Principals say staff are burnt out from dealing with Covid pressures

Report finds positive response to school return for pupils and staff
Principals say staff are burnt out from dealing with Covid pressures

Addressing gaps in learning due to school closures, the reduction in teaching time due to new cleaning measures, and the loss of extracurricular activities were also among the challenges identified by principals interviewed for the study. File picture

Staff burnout, maintaining a safe environment, and an increased financial burden are among concerns cited by principals in an official report on reopening schools published by the Department of Education. 

Addressing gaps in learning due to school closures, the reduction in teaching time due to new cleaning measures, and the loss of extracurricular activities were also among the challenges identified by principals interviewed for the study. 

Complied by the inspectorate, the report is based on interviews and feedback from school principals and school leaders, collected in September.

In general, principals reported the return to school was positive for all pupils and staff. Children were reported to be “settled, calm and delighted to be back” while also adapting well to new routines.

One primary principal said:

The level of joy among the pupils at the return to school was overwhelming.” 

The helpline and dedicated email set up to assist schools with preparation for reopening as well as the funding package available to schools were also identified by a number of principals as a success. It was a similar outcome for the cooperation of staff and students with the safety measures in schools.

However, a number of significant challenges were also highlighted throughout the report. Senior leadership burnout, as well as significant stress amongst school staff, are a concern. 

Some primary principals reported difficulties in keeping 'bubbles' and 'pods' apart from other bubbles, groups, and classes.
Some primary principals reported difficulties in keeping 'bubbles' and 'pods' apart from other bubbles, groups, and classes.

In discussions with the inspectors, principals described the "extraordinary challenges" between March to September "citing the mental and physical impact of their significantly increased workload". In many instances, serious work-related issues, like "stress, burn-out, and high levels of exhaustion", were referenced.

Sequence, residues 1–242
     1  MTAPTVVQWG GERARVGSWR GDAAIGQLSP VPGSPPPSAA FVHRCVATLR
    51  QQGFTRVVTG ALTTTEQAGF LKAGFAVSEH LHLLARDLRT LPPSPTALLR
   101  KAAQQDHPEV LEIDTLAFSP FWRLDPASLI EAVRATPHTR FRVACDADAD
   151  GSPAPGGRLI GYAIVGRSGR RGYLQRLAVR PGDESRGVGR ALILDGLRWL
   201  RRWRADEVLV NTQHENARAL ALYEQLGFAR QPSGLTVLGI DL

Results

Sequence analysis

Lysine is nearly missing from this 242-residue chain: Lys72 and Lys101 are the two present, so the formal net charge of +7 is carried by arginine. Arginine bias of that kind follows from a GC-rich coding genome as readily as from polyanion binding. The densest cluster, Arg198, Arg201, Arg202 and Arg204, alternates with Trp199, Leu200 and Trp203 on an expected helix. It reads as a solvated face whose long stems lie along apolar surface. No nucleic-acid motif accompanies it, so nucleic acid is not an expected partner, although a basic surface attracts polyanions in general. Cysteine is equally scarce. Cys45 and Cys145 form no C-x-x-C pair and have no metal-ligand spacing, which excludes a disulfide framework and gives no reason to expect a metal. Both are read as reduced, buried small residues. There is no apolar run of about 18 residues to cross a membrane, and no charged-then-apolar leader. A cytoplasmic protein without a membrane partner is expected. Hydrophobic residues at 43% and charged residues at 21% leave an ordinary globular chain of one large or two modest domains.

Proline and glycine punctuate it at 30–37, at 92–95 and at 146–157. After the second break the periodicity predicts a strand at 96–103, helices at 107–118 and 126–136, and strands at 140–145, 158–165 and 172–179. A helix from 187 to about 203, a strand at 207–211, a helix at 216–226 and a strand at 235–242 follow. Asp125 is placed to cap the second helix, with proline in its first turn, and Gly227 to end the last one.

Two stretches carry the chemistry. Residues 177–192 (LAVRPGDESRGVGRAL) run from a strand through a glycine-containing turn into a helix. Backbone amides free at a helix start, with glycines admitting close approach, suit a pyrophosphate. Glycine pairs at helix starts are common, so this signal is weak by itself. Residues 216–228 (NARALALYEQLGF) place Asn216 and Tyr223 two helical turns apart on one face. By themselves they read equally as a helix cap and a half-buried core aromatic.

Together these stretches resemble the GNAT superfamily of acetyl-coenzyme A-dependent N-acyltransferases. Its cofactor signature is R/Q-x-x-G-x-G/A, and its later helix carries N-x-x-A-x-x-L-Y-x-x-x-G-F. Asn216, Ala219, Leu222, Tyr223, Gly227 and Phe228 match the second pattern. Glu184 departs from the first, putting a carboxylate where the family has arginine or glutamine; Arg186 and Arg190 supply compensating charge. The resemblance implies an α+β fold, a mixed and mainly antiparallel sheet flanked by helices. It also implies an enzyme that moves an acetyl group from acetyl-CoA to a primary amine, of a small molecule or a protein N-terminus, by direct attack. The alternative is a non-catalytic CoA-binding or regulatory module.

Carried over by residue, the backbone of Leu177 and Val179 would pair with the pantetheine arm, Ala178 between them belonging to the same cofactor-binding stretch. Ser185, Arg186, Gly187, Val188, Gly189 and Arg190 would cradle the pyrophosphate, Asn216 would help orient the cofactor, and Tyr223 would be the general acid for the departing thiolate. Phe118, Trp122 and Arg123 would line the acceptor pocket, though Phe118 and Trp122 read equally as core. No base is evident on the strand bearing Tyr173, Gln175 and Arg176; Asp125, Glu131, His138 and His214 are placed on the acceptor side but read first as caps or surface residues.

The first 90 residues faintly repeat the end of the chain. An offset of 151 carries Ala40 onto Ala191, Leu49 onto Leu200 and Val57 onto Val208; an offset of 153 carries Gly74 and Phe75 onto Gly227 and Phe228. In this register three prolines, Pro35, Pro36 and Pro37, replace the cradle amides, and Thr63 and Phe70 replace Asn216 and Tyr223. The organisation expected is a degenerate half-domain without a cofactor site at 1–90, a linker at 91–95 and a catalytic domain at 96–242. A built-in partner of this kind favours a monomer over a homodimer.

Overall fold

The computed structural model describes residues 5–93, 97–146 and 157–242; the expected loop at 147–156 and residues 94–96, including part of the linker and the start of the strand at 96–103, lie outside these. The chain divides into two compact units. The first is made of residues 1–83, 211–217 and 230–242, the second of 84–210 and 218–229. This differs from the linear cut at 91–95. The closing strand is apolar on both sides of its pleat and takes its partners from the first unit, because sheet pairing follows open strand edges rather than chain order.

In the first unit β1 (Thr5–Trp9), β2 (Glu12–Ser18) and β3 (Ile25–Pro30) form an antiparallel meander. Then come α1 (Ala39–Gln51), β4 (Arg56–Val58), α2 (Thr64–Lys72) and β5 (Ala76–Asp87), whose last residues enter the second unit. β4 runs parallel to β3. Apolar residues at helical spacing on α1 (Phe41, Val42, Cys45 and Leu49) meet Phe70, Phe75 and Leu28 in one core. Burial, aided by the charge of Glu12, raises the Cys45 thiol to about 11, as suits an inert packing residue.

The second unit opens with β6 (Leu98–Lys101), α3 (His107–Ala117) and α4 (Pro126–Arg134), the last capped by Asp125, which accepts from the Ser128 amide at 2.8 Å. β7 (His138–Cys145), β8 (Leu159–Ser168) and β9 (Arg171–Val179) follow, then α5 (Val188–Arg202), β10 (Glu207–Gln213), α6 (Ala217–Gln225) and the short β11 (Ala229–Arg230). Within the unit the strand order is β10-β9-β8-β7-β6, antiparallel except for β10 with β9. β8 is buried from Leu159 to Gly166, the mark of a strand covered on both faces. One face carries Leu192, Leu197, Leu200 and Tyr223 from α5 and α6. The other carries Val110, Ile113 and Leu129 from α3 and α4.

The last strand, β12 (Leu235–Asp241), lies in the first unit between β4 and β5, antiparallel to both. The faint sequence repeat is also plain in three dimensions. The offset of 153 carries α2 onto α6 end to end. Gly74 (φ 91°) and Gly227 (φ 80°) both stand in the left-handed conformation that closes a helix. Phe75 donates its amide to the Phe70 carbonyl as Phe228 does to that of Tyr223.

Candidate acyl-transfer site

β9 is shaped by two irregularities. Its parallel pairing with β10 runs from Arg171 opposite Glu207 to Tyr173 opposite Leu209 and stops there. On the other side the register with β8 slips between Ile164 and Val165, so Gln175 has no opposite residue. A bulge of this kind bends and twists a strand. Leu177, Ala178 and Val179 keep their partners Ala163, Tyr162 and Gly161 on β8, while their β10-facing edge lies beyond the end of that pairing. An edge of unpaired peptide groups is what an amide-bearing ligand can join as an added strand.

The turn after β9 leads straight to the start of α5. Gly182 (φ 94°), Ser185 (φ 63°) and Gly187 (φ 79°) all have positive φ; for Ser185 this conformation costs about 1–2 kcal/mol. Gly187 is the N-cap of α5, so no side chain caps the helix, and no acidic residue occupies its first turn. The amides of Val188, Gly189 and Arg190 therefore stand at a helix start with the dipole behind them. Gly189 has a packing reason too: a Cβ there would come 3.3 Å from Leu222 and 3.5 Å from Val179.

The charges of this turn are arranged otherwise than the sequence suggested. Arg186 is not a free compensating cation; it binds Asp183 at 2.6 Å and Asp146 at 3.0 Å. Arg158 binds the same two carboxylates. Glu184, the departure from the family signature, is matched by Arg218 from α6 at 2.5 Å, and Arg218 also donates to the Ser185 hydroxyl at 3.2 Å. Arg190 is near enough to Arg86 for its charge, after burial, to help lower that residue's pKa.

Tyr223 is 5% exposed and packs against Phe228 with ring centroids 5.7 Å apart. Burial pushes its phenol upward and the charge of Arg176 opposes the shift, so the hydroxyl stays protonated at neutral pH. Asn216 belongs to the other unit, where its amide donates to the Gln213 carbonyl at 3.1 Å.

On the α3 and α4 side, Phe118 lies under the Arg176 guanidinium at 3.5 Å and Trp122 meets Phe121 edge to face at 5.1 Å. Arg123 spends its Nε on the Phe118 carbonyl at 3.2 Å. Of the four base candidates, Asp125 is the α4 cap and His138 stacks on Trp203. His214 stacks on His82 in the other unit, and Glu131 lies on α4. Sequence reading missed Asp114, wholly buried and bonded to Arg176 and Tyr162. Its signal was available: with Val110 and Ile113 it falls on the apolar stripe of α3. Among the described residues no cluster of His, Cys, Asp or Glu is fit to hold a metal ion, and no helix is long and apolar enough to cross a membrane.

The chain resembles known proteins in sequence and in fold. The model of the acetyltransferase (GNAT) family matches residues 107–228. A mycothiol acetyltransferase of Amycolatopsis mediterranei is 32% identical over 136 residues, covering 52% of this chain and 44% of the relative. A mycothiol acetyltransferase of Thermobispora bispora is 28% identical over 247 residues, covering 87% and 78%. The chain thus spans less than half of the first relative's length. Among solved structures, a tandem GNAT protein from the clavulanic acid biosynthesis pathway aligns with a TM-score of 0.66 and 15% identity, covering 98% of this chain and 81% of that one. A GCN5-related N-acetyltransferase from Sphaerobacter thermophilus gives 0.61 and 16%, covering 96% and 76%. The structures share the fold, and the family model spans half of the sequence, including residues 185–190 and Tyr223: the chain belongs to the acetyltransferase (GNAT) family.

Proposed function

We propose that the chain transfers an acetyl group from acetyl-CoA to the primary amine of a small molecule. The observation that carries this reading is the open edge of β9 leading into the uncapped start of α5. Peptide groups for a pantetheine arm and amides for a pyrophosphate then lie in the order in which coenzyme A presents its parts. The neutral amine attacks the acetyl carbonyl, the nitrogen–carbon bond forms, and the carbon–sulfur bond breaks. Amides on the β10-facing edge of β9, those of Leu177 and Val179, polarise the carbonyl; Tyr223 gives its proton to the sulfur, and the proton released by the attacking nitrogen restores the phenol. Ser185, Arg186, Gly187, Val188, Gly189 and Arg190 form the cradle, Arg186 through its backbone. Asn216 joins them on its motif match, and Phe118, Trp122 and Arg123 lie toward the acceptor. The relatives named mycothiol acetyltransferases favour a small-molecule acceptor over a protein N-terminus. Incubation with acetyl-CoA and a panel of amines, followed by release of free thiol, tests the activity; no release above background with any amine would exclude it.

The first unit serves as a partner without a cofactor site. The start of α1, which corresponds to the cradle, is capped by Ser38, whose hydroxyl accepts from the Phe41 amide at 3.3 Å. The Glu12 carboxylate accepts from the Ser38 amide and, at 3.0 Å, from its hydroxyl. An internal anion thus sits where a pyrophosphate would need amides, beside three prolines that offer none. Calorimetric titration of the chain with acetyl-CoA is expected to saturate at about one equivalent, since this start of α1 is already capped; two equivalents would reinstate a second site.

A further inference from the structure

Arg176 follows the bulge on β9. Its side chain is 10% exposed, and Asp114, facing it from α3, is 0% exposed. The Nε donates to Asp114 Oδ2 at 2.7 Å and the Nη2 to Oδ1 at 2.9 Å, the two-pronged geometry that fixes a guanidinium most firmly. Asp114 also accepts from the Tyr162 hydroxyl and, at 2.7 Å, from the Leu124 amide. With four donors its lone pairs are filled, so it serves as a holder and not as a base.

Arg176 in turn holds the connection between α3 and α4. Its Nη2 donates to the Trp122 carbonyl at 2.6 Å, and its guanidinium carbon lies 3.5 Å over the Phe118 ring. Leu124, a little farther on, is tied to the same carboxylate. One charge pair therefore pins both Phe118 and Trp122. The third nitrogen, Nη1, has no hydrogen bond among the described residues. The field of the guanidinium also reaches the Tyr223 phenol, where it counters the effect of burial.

Some primary principals also reported difficulties in keeping 'bubbles' and 'pods' apart from other bubbles, groups, and classes. These difficulties were also reported at post-primary level, where a greater number of challenges were reported around compliance. 

A "significant proportion" of principals also referenced challenges such as Covid-related teacher absences, the difficulty of recruiting qualified substitute teachers, and the need for school staff to have access to rapid Covid-testing. 

Of particular concern at primary level was the provision for students with special educational needs. 

Issues reported by principals included the practical difficulties of ensuring the integration of pupils from special classes with pupils in mainstream classes and the impact of the period of extended school closure on pupils with additional and complex learning needs." 

Principals also expressed regret at not being able to provide the same range of extra- and co-curricular activities due to Covid, referencing the impact of this on learners’ development. 

In its recommendations to the department, the inspectorate said work-related pressure on principals and the wellbeing supports to schools needed to be monitored on an ongoing basis. 

There is a "long-term need" to analyse and evaluate the impact of the pandemic on teaching and learning, it also found. 

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